The Closing the Sale Class
In this class we talk about the art of closing the sale. Some of you may struggle with closing the sale as it can be a difficult process and you don’t want to disrupt the relationship you have already established with a prospect. But there are good ways to respectfully call potential clients to action and lead them to purchase your services. In this Podclass, I guide you through 12 steps that you can take to effectively close a sale with a prospective client.
[0:00] – Opening thoughts
[0:58] – Introduction to the topic of “Closing the Sale with a Client”
[2:21] – Challenges to closing the sale:
– Your greatest strengths often are your greatest weaknesses.
[3:25] – Two guiding principles to think about as you’re entering the final stage of turning people potentially from a prospect over to a client:
– 1) Closing the sale is not a one-time thing but an ongoing process.
– If you feel like you didn’t get it right in that first call, don’t beat yourself up.
– It sometimes takes multiple touchpoints
– 2) First impressions are almost everything.
– You’re already starting the process of closing the sale in that very first introduction with someone at a networking meeting or discovery call.
– People like to work with people they know, like, and trust.
[5:55] – 12 Steps to Closing the Sale with a Client:
– [6:19] – 1) Be prepared.
– Before a discovery call, research the website and the social media channels of the person that you’re meeting.
– Assess how you may be able to help them.
– Practice your elevator pitch (communicating your Unique Value Proposition).
– [8:45] – 2) Get on a video call ideally.
– Body language is important to establishing connection with somebody.
– [9:53] – 3) Ask great open-ended questions on the call.
– “What issues are you trying to solve in your business right now?”
– “What are the challenges that you’re facing?”
– “What are some skill or time gaps that you need to fill right now?”
– Skill gaps = some areas that they are maybe doing work in their business that they’re not really good at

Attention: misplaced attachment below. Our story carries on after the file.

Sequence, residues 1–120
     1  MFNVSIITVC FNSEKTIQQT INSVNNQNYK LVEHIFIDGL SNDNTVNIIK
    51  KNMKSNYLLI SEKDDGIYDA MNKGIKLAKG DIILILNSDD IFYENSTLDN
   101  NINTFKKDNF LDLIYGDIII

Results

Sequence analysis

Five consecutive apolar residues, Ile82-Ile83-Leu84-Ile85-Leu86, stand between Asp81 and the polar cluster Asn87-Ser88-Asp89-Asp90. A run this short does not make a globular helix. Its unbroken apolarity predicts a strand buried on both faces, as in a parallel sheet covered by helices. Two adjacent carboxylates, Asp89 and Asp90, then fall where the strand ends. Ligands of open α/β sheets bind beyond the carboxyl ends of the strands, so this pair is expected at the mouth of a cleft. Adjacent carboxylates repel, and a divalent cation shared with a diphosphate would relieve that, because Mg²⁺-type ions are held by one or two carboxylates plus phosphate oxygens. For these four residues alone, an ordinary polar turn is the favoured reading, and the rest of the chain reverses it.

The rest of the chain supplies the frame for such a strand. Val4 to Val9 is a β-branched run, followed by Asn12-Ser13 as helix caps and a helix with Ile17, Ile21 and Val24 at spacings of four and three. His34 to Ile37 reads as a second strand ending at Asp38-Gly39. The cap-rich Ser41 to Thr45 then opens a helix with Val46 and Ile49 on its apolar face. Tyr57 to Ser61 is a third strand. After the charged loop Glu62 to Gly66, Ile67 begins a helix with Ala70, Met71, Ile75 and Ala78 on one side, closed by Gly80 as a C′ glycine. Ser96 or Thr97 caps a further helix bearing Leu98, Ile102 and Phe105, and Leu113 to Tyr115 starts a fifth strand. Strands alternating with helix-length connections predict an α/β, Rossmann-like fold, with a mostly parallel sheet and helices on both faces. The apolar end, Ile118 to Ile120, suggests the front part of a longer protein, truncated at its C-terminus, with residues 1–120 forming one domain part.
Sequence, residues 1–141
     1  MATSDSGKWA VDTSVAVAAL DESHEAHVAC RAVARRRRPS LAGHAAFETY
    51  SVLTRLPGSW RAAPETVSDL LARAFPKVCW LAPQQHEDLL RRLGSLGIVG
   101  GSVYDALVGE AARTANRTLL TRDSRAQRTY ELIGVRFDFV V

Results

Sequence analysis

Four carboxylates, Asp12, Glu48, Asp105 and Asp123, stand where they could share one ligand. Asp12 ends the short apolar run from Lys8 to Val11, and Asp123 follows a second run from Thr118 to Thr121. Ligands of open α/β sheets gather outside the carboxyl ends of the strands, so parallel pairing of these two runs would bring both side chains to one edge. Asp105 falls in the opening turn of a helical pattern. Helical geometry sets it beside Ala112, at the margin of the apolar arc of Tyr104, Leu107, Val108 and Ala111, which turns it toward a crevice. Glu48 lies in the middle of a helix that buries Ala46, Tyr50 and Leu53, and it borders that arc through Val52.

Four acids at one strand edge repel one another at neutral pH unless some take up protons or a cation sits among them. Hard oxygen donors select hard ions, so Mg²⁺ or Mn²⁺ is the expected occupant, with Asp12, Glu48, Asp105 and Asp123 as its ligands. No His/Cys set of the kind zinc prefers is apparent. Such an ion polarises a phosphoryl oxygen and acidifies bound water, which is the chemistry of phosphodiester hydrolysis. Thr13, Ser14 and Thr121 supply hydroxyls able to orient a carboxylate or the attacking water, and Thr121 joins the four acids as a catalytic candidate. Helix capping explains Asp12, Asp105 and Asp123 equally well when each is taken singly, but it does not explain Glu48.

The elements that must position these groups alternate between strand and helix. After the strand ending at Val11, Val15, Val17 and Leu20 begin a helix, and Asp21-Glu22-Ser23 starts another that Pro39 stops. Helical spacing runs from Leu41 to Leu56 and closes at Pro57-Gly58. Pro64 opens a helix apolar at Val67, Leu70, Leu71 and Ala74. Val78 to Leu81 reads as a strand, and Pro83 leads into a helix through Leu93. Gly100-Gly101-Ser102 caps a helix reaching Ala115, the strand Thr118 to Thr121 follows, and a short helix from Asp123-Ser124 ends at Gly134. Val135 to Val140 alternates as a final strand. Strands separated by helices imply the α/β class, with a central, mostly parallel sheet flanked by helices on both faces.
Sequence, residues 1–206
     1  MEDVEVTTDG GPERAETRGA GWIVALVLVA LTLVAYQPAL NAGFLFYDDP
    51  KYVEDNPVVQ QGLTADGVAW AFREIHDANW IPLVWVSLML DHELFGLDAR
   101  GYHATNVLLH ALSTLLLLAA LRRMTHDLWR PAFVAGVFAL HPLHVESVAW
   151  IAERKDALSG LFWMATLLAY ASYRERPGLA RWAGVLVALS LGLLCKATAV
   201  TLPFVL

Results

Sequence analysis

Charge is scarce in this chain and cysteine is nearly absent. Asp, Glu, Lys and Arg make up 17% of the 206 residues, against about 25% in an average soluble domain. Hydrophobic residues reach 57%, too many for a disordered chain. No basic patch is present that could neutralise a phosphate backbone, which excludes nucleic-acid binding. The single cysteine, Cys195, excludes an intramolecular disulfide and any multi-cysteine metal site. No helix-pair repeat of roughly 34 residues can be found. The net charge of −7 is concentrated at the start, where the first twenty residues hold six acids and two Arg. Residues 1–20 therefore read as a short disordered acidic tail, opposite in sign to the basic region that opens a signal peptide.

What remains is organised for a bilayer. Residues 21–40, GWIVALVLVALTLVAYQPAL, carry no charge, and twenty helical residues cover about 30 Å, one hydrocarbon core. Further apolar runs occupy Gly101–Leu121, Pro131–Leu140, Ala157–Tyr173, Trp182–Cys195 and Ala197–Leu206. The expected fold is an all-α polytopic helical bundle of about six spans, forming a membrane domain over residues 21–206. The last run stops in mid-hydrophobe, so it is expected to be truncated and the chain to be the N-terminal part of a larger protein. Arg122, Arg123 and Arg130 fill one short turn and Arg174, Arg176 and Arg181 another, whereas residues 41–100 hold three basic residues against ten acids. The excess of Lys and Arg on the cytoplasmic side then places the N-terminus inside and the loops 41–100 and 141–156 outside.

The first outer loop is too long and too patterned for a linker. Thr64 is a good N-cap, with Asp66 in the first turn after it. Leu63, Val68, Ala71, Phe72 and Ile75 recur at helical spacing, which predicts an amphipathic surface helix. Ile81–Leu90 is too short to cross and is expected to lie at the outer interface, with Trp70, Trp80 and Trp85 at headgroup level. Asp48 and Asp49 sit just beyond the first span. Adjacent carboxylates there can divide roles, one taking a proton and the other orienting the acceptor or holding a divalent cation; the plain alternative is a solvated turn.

– Time gaps = spending too much time on managing their social media or administrative tasks that they are missing out on some of the core business tasks that they should be doing
– “How has your business changed in the last six months that may be impacting your current needs?” (“As your business has grown and evolved, how is that impacting what you need right now?”)
– Use preference scoring – E.g. “On a scale of one to five, with five being the most important, how would you rank the following priorities that you’ve just laid out?” (“What’s most important that you need to attend to in your business right now?”)
– [11:25] – 4) Offer advice and resources where appropriate.
– Position yourself as a credible advisor who builds confidence.
– Give some tips.
– Suggest a cool tool, plugin, or app.
– [12:36] – 5) Leverage urgency and scarcity where appropriate.
– Be honest and clear.
– If you have one client spot left, let them know.
– E.g. “It sounds like you need somebody quickly to start this project.” “Hey, this looks like a gap that you might need to fill right away, and I do have a spot available to help you right now.”
– [13:58] – 6) Customize your service packages where appropriate.
– Tailor packages and services to meet their specific needs.
– [14:48] – 7) Highlight client success stories or your success in specific areas where appropriate.
– Social proof is another powerful psychological trigger that might turn a “maybe” into a “yes.”
– [16:02] – 8) Add value with additional bonuses where appropriate.
– E.g. special training library, checklists, resources, courses, another service as part of an existing package, or a one-hour consult
– [17:07] – 9) Get client prospects to agree with you through the sales process.
– “Does that make sense to you?”
– “Do you know what I mean there?”
– “Are we on the same page?”
– “Is this clear for you?”
– “Is this right?”
– If your offer is confusing, that can be a deterrent to them working with you. Prompting to make sure they understand what you’re saying is an important part of closing the sale.
– [18:14] – 10) Don’t be afraid to tactfully ask for the sale.
– This is the power of the ask.
– You may use non-aggressive tactics or questions or statements like “So why don’t we give this a try? Let’s start with a small project or a time trial and go from there. How does that sound?”
– “I have time to start working on your project now. How do you want to proceed? Are you ready to move forward? I could send along a proposal by tomorrow.”
– “What happens next? Where do you want to go next?”
– “Tell your thoughts. Share your thoughts on what I’ve proposed to you.”
– “Unless you have any other questions or concerns, are you ready to move forward? Are you ready to get started?”
– “I think you have a great company, and I believe we could do a great job for you here. How do we get started together? How do we begin working together?”
– [19:51] – 11) Offer value in every followup.
– Once you’ve done that discovery call or had that meeting, send them an email almost immediately, thanking them for their time and then recapping what you spoke about
– Provide resources with links to tools.
– Address objections.
– Lay out any next steps.
– Attach a branded proposal.
– [21:06] – 12) Consider pricing plans where appropriate.
– Don’t put yourself at any risk.
– Get something upfront.
– Negotiating a little bit allows you to turn this person into a client.
[23:10] – Summary and encouragement
[23:24] – Where to access the handout on the 12 steps and sample questions
[23:46] – Final thoughts
Resources and tools discussed in this episode:
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